In this Nov. 17, 2008 file photo, Taiwans former President Chen Shui-bian is transferred to the Taipei County Hospital from the Far Eastern Memorial Hospital for better care facilities in Taipei County, Taiwan. In a poetic lament written in his Taiwanese jail cell and was published in Taiwanese newspapers on Wednesday, Nov. 26, 2008, hunger-striking Chen has hinted he is willing to die for his pro-independence, anti-China beliefs.

In this Nov. 17, 2008 file photo, Taiwan's former President Chen Shui-bian is transferred to the Taipei County Hospital from the Far Eastern Memorial Hospital for better care facilities in Taipei County, Taiwan. In a poetic lament written in his Taiwanese jail cell and was published in Taiwanese newspapers on Wednesday, Nov. 26, 2008, hunger-striking Chen has hinted he is willing to die for his pro-independence, anti-China beliefs.

January 26, 2009: Chen Shui-Bian stood his ground in his plea of “not guilty“ to all charges, repeatedly having stressed that decisions on the government land procurements were decided by the Executive Yuan and not the Office of the President.  Chen further claims his support had no power in the final decisions on the project, which initially, was “for the benefit of the economy.“  (Doesn’t this sound familiar as to what President Ma is doing?)

January 20, 2009: The offense of “intending to profit“ in advantage of Chen’s official position in legal codes for salient reasons that his intentions are virtually impossible to bring to light “beyond a shadow of a doubt,“ without risking exposure of government official, agency at the central or local levels involved.

The result is likely to be bureaucratic paralysis which could further erode the efficiency of implementation of government policies and public infrastructure projects.  In simpler terms, there would be no change in political actions as oppose to the labeled corruption charges since all politics are involved in this matter, varying on the degree of exposure.

The shift from the charge of “bribery“ to the recent ones, hints at the necessity to secure a conviction despite possible and awaiting damages to the credibility of Taiwan’s legal system, or in pulling the economy out of recession.  The risk reinstates the question if the motivation was a commitment to bring light on impartial truths and justice, or political vengeance against the former President for “rimes“ of disturbing KMT’s continuous rule over the island.  It is a fight between two tigers with hidden motivations that only misleads us, the public, from the truth of the matter.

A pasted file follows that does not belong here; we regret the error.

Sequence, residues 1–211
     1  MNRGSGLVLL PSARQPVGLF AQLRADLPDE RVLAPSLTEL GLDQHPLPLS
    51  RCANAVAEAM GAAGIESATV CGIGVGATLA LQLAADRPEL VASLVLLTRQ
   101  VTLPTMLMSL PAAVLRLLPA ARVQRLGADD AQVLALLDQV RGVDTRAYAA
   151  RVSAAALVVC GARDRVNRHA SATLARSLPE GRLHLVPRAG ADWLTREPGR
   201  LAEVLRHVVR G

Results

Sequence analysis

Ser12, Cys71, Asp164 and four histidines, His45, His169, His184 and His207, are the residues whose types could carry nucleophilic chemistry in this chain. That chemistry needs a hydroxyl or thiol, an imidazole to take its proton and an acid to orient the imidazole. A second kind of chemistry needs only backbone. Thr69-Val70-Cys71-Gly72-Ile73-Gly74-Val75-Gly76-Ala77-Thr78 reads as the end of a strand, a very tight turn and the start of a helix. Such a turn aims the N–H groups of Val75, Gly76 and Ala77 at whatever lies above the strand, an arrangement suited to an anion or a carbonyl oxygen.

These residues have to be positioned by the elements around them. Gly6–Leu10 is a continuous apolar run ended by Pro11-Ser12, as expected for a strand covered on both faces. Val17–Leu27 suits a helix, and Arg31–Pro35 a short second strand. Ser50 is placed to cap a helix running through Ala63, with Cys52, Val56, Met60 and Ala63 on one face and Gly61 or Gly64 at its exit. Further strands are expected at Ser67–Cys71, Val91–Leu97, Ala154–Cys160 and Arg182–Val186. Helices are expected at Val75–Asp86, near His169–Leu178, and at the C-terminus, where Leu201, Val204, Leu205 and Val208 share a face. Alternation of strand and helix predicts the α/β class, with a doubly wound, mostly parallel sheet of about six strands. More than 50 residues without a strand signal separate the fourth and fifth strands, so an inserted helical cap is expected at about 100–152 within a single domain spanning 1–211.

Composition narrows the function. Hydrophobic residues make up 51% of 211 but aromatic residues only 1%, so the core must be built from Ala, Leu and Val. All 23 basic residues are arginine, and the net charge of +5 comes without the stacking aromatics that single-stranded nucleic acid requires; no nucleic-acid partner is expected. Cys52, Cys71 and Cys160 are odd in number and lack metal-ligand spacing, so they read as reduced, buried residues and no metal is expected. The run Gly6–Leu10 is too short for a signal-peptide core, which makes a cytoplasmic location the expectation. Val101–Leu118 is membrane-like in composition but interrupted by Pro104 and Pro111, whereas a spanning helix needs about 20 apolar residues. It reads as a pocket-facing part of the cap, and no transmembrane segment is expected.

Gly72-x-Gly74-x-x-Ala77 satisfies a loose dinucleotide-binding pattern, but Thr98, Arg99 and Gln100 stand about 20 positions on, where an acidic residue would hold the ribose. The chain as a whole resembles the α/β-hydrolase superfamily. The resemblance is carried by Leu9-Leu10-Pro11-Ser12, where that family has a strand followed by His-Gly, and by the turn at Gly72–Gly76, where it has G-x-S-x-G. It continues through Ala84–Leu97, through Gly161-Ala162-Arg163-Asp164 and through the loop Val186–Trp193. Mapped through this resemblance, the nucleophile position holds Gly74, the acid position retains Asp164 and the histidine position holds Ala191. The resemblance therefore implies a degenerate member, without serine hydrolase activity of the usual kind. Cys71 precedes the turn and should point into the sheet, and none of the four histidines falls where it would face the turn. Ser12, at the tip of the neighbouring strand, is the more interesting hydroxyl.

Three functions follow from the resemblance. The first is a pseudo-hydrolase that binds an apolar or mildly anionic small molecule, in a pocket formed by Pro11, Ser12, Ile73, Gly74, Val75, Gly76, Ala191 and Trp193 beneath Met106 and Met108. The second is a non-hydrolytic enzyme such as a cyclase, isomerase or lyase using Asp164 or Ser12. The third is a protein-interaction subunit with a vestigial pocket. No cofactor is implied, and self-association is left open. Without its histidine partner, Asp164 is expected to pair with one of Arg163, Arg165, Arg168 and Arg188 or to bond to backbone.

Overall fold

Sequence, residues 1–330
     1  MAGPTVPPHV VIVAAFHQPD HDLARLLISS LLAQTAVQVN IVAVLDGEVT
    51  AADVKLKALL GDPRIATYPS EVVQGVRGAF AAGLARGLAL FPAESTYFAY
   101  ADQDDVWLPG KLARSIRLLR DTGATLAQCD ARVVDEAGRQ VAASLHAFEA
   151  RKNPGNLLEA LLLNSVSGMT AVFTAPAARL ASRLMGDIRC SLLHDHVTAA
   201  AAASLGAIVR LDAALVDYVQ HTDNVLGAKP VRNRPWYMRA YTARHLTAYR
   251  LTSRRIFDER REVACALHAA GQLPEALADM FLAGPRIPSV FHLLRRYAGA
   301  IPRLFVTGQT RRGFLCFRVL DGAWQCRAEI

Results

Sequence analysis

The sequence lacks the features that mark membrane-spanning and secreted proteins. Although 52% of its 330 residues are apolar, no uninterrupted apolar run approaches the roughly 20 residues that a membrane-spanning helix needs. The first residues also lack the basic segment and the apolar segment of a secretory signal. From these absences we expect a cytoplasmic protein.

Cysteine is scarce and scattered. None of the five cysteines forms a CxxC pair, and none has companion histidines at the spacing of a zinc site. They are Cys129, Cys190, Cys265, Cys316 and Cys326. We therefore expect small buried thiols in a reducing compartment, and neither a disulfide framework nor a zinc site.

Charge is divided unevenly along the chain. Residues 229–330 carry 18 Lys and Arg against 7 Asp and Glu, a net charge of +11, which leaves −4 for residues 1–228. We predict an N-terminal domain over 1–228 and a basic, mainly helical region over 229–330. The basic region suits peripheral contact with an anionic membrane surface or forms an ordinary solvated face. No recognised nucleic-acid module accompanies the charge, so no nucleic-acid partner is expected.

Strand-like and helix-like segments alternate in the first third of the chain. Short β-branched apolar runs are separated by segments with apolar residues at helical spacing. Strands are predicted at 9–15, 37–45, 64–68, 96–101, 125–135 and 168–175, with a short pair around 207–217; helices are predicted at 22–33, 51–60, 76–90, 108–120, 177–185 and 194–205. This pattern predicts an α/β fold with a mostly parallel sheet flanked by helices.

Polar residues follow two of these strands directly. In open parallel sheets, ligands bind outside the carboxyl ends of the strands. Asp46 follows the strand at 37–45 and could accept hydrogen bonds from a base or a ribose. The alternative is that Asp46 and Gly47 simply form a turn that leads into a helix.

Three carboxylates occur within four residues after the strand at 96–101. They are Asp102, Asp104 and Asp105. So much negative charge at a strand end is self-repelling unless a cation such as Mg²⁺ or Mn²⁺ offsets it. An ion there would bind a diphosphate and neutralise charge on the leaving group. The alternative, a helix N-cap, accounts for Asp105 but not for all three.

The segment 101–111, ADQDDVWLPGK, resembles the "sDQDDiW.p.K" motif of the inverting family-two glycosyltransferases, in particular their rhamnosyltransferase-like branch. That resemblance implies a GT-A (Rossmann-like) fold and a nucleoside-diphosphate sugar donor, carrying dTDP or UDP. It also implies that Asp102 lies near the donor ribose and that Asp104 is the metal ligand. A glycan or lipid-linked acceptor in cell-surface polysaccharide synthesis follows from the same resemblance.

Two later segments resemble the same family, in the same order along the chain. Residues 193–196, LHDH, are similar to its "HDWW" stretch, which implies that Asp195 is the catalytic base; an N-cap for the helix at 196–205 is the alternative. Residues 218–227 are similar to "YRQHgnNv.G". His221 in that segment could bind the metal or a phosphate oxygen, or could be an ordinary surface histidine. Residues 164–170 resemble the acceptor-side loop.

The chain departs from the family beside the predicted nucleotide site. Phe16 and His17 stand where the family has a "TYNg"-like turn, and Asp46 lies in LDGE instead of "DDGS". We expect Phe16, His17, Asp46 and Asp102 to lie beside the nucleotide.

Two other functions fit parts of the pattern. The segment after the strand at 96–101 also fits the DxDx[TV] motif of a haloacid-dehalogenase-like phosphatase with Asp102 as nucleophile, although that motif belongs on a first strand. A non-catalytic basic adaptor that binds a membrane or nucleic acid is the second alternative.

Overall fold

Tainted Red:

(Photo, couresty of TAIPEI TIMES, by GEORGE TSORNG)  Presidential Office Secretary-General Mark Chen gestures yesterday while commenting on recent accusations leveled against first lady Wu Shu-jen. Chen said Wu had not received any inappropriate gifts from anyone.

(Photo, couresty of TAIPEI TIMES, by GEORGE TSORNG) Presidential Office Secretary-General Mark Chen gestures yesterday while commenting on recent accusations leveled against first lady Wu Shu-jen. Chen said Wu had not received any inappropriate gifts from anyone.

January 28, 2009: Former President’s son and daughter-in-law pleads guilty in the Taipei District Court hearing on members of the former first family on money-laundering charges.

Chen Chih-Chung and wife, Huang Jui-Ching acted as the proxy and nominal holder, respectively, of the family’s bank accounts.

We will earn our own living.  We hope that society will accept us,” said Chen after the hearing.

Prior to the remark, the 30-year-old offered his apology to the public for the turmoil of recent events and having reversibly demoralized the trust and public view of the DPP party.  In the hearing, the couple agreed to the equivalent of NT$570 million remitted to Taiwan, however it remains unclear on how the transfer shall proceed.

Prosecutors declined to confirm if the couple may have released signed, authorization letters to which allow them to scrutinize their Swiss bank accounts and having the agreed amount returned.